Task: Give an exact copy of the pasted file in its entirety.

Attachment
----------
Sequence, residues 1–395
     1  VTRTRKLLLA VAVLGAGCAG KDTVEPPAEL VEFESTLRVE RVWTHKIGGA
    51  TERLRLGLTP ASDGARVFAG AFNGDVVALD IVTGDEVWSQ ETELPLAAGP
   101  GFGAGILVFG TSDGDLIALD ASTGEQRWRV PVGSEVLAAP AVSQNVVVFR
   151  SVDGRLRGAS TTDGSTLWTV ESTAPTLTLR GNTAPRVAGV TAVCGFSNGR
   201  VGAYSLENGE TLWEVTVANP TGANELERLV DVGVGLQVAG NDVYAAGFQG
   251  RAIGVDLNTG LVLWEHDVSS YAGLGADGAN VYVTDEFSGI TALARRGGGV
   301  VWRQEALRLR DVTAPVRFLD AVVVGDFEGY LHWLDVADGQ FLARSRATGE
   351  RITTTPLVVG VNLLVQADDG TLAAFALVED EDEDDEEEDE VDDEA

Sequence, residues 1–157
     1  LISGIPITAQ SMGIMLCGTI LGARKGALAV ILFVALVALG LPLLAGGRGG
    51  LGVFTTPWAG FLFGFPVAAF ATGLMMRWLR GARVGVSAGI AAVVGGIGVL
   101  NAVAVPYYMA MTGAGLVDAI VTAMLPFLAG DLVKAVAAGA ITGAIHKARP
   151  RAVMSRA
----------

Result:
Sequence, residues 1–395
     1  VTRTRKLLLA VAVLGAGCAG KDTVEPPAEL VEFESTLRVE RVWTHKIGGA
    51  TERLRLGLTP ASDGARVFAG AFNGDVVALD IVTGDEVWSQ ETELPLAAGP
   101  GFGAGILVFG TSDGDLIALD ASTGEQRWRV PVGSEVLAAP AVSQNVVVFR
   151  SVDGRLRGAS TTDGSTLWTV ESTAPTLTLR GNTAPRVAGV TAVCGFSNGR
   201  VGAYSLENGE TLWEVTVANP TGANELERLV DVGVGLQVAG NDVYAAGFQG
   251  RAIGVDLNTG LVLWEHDVSS YAGLGADGAN VYVTDEFSGI TALARRGGGV
   301  VWRQEALRLR DVTAPVRFLD AVVVGDFEGY LHWLDVADGQ FLARSRATGE
   351  RITTTPLVVG VNLLVQADDG TLAAFALVED EDEDDEEEDE VDDEA

Sequence, residues 1–157
     1  LISGIPITAQ SMGIMLCGTI LGARKGALAV ILFVALVALG LPLLAGGRGG
    51  LGVFTTPWAG FLFGFPVAAF ATGLMMRWLR GARVGVSAGI AAVVGGIGVL
   101  NAVAVPYYMA MTGAGLVDAI VTAMLPFLAG DLVKAVAAGA ITGAIHKARP
   151  RAVMSRA